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Russia's dirty fight

Bernd Riegert / sgb
April 15, 2014

Russia has lost all credibility after its staging of conflict in eastern Ukraine. The EU may have to respond with harsh sanctions, which is all it can do, DW's Bernd Riegert writes.

Deutsche Welle's Bernd Riegert. (Photo: DW/Per Henriksen)

In spite of considerable differences of opinion between its foreign ministers, the European Union has succeeded in maintaining a common stance on Ukraine. Some ministers wanted tougher sanctions against Russia now, while others wanted to avoid punitive measures against Moscow.

In the end, the representatives of 28 countries agreed on a common line: Sanctions would be extended through further travel bans and account freezes if there is not satisfactory progress at a special summit next week between Russia, Ukraine, the United States and the EU in Geneva. It may be a complicated formula diplomatically, but it is a workable compromise for all member states.

One last deadline

The EU is giving Russia one last deadline for it to cooperate constructively to defuse the explosive situation in Ukraine. EU ministers have no doubt the Russian leadership is to blame for the deterioration of the situation. The supposed calls for help from Russian-speaking eastern Ukrainians are staged and just as fake as the cries for help heard four weeks earlier in Crimea.

Now the EU wants to prevent eastern Ukraine from being torn away from the country according to the same Russian playbook. Ukraine would be ruined, Russia's President Vladimir Putin would have achieved his goal. The elections in May would be eliminated and the state would perhaps fall into chaos.

If Russia doesn't come around in the next four-party talks with the US, the EU and most importantly Ukraine, good advice will be dearly needed. After today's decisions, the EU would have to impose sanctions with sensitive economic impact to still remain credible. Will Vladimir Putin further fuel the conflict? And why shouldn't he - what does he have to lose?

The EU foreign ministers will have asked themselves this question in Luxembourg and realized with horror that there is little they can do against the new Tsar. If military options remain ruled out, and they should, then there is little that could frighten Russia in its nationalist frenzy.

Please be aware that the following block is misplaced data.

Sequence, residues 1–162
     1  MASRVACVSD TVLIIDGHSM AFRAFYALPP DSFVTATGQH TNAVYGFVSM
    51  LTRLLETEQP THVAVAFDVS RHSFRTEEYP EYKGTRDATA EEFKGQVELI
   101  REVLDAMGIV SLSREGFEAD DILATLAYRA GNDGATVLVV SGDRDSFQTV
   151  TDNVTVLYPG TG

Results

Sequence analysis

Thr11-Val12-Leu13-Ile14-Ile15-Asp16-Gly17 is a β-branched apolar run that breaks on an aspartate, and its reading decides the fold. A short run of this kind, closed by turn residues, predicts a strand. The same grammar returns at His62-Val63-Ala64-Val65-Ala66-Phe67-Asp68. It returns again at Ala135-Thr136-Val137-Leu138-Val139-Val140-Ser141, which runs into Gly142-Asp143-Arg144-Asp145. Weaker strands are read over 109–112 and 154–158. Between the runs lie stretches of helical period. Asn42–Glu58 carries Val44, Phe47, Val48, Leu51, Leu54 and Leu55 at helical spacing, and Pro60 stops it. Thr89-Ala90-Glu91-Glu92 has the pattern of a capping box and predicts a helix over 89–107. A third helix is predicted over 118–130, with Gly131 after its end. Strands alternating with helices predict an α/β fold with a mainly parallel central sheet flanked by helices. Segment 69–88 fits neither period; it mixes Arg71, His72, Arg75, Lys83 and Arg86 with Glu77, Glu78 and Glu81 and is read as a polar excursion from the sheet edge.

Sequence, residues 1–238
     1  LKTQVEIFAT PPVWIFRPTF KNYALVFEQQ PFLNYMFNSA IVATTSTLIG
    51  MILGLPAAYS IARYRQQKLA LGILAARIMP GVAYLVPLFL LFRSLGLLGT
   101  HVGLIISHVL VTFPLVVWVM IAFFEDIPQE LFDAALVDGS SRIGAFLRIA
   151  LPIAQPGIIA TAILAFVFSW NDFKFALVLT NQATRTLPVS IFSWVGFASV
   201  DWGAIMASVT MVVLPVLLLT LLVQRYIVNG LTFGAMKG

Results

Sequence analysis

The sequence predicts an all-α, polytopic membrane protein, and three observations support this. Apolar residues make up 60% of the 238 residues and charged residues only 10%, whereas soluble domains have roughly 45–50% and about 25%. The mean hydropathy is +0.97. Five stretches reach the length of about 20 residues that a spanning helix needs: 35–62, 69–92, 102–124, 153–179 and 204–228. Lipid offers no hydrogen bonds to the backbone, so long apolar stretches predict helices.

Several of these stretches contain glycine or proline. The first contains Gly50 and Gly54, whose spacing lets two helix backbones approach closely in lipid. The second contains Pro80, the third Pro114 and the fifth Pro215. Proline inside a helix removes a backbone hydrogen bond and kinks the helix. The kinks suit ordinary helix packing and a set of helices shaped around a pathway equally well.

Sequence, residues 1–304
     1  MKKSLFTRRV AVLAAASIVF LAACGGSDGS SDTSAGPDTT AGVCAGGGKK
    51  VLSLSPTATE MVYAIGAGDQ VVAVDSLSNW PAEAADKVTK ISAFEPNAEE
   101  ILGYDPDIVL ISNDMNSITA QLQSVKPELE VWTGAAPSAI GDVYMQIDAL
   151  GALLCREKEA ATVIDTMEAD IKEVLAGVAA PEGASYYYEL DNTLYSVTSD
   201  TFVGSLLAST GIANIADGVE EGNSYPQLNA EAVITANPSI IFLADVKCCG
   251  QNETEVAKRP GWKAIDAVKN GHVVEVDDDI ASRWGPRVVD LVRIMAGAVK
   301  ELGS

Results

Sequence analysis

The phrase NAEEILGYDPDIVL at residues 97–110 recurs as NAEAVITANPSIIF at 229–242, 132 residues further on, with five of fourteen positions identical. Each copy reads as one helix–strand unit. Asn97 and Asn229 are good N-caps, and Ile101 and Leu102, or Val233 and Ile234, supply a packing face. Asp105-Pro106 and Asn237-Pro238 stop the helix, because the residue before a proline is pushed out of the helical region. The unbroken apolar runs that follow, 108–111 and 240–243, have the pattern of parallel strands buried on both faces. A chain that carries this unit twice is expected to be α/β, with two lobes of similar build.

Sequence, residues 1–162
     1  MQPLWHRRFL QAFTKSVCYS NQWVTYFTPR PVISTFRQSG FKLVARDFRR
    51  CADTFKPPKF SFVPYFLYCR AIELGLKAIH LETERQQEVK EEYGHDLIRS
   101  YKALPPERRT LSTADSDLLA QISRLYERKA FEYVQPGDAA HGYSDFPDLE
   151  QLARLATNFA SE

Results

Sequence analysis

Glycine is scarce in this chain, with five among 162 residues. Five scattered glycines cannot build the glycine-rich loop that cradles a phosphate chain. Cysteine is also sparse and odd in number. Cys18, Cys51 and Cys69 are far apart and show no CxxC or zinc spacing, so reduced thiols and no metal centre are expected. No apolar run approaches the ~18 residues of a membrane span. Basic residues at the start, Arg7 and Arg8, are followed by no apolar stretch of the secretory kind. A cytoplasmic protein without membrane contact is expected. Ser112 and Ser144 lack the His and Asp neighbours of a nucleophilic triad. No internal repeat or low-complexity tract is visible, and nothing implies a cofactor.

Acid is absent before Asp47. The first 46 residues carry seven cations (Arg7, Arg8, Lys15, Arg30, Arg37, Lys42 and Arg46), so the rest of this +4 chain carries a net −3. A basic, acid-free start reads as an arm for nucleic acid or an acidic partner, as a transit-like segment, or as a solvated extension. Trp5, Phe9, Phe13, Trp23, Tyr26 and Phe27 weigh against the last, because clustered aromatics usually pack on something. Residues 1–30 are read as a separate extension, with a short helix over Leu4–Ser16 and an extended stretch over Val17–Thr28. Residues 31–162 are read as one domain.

Can it really be that the world will just stand by and watch as an unscrupulous president grabs a self-defined zone of influence? At the moment, the answer is, unfortunately, probably yes, because the people in power in the Kremlin probably don't care in the slightest for the economic consequences of their policies and their reputation in the rest of the world, except for the likes of Assad.

Together with its ally the US, the EU looks quite helpless, but at least they are still capable of presenting a common front. Vladimir Putin has so far not been able to drive a wedge into the phalanx, even though he tried it with energy and other threats. The fuse has been laid on the Ukrainian powder keg. The Russian match that could light the fuse is already burning just a few centimeters away.

The EU must remain steadfast and, together with the IMF, come to Ukraine's aid immediately. It must not let itself be intimidated by the 40,000 Russian soldiers on Ukraine's border and should now send more of its own observers, as well as provide training missions for the police, judiciary and administration in the country. The Russian kindling should not be rewarded.